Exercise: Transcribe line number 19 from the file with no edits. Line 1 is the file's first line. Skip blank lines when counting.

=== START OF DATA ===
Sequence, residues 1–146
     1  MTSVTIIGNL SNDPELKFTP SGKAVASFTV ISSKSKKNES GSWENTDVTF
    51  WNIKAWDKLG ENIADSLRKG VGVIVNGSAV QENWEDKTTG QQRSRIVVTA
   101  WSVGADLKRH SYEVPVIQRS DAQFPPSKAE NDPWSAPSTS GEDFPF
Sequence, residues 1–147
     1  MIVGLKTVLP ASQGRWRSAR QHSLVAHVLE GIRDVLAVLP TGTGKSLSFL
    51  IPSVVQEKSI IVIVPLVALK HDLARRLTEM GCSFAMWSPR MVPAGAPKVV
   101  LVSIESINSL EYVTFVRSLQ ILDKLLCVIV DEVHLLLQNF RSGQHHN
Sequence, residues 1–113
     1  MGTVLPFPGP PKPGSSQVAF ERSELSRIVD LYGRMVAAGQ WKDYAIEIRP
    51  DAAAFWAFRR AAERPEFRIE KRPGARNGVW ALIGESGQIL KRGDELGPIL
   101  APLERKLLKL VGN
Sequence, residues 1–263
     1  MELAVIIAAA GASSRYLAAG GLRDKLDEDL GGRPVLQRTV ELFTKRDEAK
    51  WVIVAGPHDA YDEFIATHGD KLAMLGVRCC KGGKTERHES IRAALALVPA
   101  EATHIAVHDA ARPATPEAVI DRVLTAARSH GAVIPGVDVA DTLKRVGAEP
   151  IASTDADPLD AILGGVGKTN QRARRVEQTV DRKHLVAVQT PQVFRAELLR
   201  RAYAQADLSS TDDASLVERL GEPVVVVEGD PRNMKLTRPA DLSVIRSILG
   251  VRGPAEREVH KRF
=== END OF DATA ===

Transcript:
   251  VRGPAEREVH KRF